Photograph — Bloomberg

On Wednesday, April 29,2020, The Central Bank of Kenya (CBK) cut its benchmark lending rate from 7.25 percent to 7.0 percent as an effort to boost the flow of cheap loans in an economy plagued by the coronavirus pandemic.

The benchmark rate by CBK was cut from 7.25 percent in March and 8.25 percent in January 2020, to tackle the impact of COVID-19 and mitigate the adverse economic outlook. Although the Kenyan government in response to the pandemic imposed a daily curfew and restricted movements in and out of the regions most affected by the virus, this move curtailed economic activities in the country.

With 396 confirmed coronavirus cases and 17 deaths in the East African nation, its tourism and agriculture export businesses significant loss due to the national and global shutdowns aimed at curbing the virus’ spread. “In light of the continuing adverse economic outlook, the (monetary policy committee) decided to augment its accommodative monetary policy stance,” CBK said in a statement.

At its meeting in March 2020, the apex bank cut the lending rate by 100 basis points, and also lowered the cash reserve ratio for commercial banks to 4.25 percent from 5.25 percent. Thus, banks cut the cost of credit to the lowest level in 15 years following the drop in the benchmark rate. Nevertheless, CBK revealed that it was ready to take on any additional measures that would boost the economy within a month.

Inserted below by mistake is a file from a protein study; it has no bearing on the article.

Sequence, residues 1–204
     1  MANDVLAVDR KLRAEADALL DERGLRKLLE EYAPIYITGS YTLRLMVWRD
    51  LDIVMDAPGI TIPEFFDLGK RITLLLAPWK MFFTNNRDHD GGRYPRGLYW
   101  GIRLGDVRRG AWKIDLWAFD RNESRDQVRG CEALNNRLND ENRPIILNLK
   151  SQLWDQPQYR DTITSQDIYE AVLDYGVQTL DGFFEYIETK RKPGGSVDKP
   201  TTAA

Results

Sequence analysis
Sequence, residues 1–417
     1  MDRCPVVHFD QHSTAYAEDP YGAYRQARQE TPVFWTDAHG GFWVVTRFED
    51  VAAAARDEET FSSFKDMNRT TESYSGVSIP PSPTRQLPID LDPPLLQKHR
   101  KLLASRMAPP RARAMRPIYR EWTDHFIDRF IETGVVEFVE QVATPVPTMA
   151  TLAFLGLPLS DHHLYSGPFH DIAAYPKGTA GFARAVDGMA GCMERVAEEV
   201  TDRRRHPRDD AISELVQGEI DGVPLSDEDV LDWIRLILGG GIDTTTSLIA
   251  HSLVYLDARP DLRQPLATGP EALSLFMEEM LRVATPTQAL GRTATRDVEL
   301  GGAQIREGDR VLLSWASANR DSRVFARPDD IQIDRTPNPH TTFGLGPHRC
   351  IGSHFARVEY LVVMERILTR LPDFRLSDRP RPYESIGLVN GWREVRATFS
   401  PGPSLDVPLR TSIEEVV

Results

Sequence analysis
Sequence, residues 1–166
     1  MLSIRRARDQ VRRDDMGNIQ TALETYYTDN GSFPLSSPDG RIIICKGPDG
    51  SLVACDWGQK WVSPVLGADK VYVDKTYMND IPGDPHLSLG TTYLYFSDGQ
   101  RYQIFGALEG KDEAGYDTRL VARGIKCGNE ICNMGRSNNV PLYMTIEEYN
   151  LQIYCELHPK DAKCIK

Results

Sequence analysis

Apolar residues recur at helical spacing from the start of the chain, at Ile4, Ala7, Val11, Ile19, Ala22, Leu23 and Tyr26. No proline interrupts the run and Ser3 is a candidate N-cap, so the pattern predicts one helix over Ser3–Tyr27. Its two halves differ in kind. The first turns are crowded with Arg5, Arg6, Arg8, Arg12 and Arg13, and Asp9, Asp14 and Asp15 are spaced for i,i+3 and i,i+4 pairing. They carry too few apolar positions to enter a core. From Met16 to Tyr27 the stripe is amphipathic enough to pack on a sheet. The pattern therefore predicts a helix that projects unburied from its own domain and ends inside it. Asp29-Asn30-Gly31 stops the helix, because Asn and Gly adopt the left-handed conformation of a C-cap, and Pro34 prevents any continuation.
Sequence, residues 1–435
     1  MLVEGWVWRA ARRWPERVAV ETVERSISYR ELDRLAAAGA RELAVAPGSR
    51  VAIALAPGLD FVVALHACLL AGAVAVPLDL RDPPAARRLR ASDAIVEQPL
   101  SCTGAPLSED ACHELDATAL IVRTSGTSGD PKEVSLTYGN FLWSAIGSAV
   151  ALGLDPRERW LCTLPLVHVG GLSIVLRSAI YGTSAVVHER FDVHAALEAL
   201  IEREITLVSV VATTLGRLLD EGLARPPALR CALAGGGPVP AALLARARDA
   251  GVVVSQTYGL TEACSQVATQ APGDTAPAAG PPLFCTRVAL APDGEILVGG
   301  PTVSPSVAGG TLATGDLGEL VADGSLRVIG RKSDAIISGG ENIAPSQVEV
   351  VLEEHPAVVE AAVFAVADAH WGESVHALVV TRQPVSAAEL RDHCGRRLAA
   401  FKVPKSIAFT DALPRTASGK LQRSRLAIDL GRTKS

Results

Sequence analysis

Following CBK’s emergency measures, loans worth 81.7 billion Kenyan shillings ($762.41 million) were restructured mainly for tourism, restaurants and hotels, real estate, building and construction, and trade. Similarly, the bank said there was a need to set up a mechanism to cushion struggling small and medium businesses during these times. In addition, the Kenyan government has announced a series of tax cuts for individuals and companies, It has also created a platform for lenders to restructure loans for individuals and firms who might fall into distress.

With the Kenyan economy weakened by the effects of COVID-19, the primary benefit of low-interest rates is it’s stimulative effect on economic activities. By reducing interest rates, businesses can function and gather enough funds to spend on capital products. Another major benefit of a lending rate cut to a declining economy battling with the novel coronavirus is that it increases the money supply wherein people are able to purchase goods to serve their basic needs.

Meanwhile, Finance Minister Ukur Yatani on Tuesday, April 29 stated that the 2020 economic growth would decline to 2.5 percent but may fall to 1.8 percent due to the coronavirus outbreak. Before the COVID-19 health crisis swept the globe, the Finance Ministry had forecasted growth of 6.1 percent for this year, however, both the International Monetary Fund and the World Bank have also slashed Kenya’s 2020 economic growth forecast owing to the pandemic.

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